70. 70. carcinogenic initiatorsExamples• Alkylating agents like cyclophosphamide.• (PCAH) polycyclic aromatic hydrocarbonsfound in smoked foods,cigarette smoke (havebroad range of target organs)produce cancer atsite of applicationThey are metabolized at cytochrome p450 whichwill oxidases to electrophilic epoxides which inturn react with cellular protein & nucleic acid• Nitrosamines in pickled foods. gut ca.• Preserved food contain nitrites which react withother dietary component to form nitrosamineswhich activated by hydroxylation to form reactiveion .
    71. 71. • Aromatic amines or azo dyes used in foodcoloring .• Vinyl choride-liver angiosarcoma• beta-naphthylamine-use in rubber industry–bladder ca.• microbial productFungi : aflatoxin b1 (produce by some strainof aspergillus flavus )cause hepatic cancerAct as initiator
    72. 72. Examples of promoters• hormones such as estrogen,• drugs such as diethylstibesterol,• chemicals such as cyclamates used assweeteners• Chemical act as both initiator &Promoter• (cigarette smoking & Asbestoses )
    73. 73. Viruses & Human cancer• HPV (DNA virus).• HCV(RNA) & HBV(DNA) :predipose toHCC.• HHV 8 (DNA virus )& kaposi sarcoma• EBV (DNA virus)• HTLV-1 virus: (RNA retrovirus )-T cellleukemia –lymphoma.
    74. 74. (HPV)• Anogenital cancer• Sq.c.c. of cervix (HPVhigh risk gp.(16-18,31,33,35,51)• benign wart low risk gp.(HPV 6-11)The oncogenic potential of HPV is relatedto E6 & E7 viral protein which bind toP53 & RB gene respectively so theyovercome cell cycle inhibitor
    75. 75. Role of EBV• Infectious mononucleosis(a short lifedlymphproliferative dis.)• Oral hairy leukoplakia (in AIDS)• Nasopharyngeal carcinoma• African Burkitts lymphoma• Non-Hodgkins lymphomas in AIDS
    76. 76. Effect of tumor on the hostI- Local effect according to tumor location• Pressure effect e.g pituitary adenomawhen increase in size• ulceration &obstruction e.g ca.colon• secondary infection &bleedinge.g malena in ca.colon or hematurea inbladder ca
    77. 77. systemic effectCancer cachexiaIt is waisting syndrome: cc by loss ofbody fat .anemia• there are several factors contribute tomalnutrition in cancer pat.1-high prot.& fat turnover ,hypermetabolismanorexia ,reduced food intake,,2-Cachectin (TNF) - produced by tumor cell&macrophages & it is a mediator ofwaisting syndrome
    78. 78. other soluble factor produced by tumor cell .3- PIF proteolysis inducing factor whichinvolved in abn.metabolism by increasecatabolism of muscle & adipose tissue,4- Impair immune defenses –prone toinfection .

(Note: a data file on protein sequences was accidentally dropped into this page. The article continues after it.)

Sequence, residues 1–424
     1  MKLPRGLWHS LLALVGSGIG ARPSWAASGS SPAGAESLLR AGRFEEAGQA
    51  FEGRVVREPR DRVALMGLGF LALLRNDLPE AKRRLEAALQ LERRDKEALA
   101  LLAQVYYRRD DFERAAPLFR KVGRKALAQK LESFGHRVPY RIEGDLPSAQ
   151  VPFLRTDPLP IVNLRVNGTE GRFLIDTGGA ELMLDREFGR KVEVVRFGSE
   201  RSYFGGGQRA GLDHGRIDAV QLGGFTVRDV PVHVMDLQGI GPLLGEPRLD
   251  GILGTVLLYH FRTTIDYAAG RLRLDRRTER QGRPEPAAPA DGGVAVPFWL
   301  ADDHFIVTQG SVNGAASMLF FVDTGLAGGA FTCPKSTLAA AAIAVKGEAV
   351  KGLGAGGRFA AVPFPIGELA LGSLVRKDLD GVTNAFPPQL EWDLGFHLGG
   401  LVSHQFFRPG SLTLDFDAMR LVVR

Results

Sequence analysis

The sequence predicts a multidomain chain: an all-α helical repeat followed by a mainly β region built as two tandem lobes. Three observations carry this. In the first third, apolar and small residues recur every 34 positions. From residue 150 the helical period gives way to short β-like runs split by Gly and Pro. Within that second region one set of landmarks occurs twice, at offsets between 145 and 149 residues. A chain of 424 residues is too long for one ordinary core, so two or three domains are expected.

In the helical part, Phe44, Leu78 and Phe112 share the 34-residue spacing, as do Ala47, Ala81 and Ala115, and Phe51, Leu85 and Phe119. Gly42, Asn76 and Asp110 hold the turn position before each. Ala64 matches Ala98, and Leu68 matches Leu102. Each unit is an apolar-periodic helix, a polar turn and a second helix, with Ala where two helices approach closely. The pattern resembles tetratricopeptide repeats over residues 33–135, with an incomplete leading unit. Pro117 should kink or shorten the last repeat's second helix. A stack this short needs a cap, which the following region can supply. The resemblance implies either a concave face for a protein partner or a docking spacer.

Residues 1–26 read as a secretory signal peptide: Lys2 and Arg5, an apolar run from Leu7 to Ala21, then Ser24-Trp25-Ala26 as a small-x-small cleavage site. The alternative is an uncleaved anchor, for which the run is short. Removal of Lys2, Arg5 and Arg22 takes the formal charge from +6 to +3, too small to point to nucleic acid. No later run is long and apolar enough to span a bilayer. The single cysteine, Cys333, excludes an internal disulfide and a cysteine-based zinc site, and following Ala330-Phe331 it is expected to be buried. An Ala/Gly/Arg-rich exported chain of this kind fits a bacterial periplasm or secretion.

79. 79. paraneoplastic syndrome• It is clinical syndrome with symptom complexesoccur in cancer pat, (10% of advanced malig)• Result from synthesis of bioactive sub. by tumorcells.symptom may be1- endocrinopathies :elaboration of hormon fromtumor cell which are not of endocrine origin(ectopic hr.production )Example:• Insulin release of by fibrosarcoma• Erythrpoitein hr.production by renal cell.ca.• Parathyroid like hr-sq.c.ca of lung
    80. 80. 2-Neuromyopathic paraneoplastic synd-Myasthenia Gravis. like synd.in small ellca.of lung3- cutaneous :Acanthosis nigrican cc bygrey black patches of hyperkeratotic skin4- Vascular & hematological changes.• DIC (hypercoagulability)-release ofPAF&procoagulant from tumor cell.
    81. 81. Tumor markerBiochemical indicator of presence of tumor• Aid in DX• Determine response to therapy• Indicate relapse in follow upHormones :• HCG :Trophoblastic t,Non seminomatesticular t.• Calcitonine : Medullary ca.of thyroid• Catecholamine : pheochromocytoma• Ectopic hr.: paraneoplastic synd.
    82. 82. Tumor marker cont….Isoenzy.:• PAP:prostatic ca.• NSE : small cell ca.of lung,neuroblastomaSpecific protein :• Immunoglobulins : multiple myloma• Prostatic specific Ag.:ca.prostate
    83. 83. Tumor marker cont….Mucins• CA-125 : ovary ca.• CA-19-9 : colon, pancreas ca.• CA-15.3 : Breast ca.Oncofetal Ag.:• (AFP)Alpha fetoprotein: liver ca,testicular t.• CEA : ca. pancreas,colon,lung,stomachNew molecular marker :• P53,APC,RAS in stool& serum ca.colon
    84. 84. Lab.Dx of cancer1- Biopsy2- Cytology3- FNA4- Immunocytochemistry(by specific monoclonal Antibody for identification of cell productor surface marker )5- flow cytometry :measure several cell character such as1- DNA content like aneuploidy seems to be associated with poorprognosis2- Identification of cell-surface antigenswidely used in the classification of leukemias and lymphomas
    85. 85. The value ofimmunohistochemistry1-categorization of undiff.malig.t(To determine line of differentiation )2-categorization of leukemia/lymphoma3- determination the site of origin of metastatictumorlike thyroglobulin marker for tumor of thyroidorigine.g Desmin –specific for muscle4- Detection of molecule that of prognostic &therapeutic significancelike ER,PR,erb B2 in ca.breast

    ×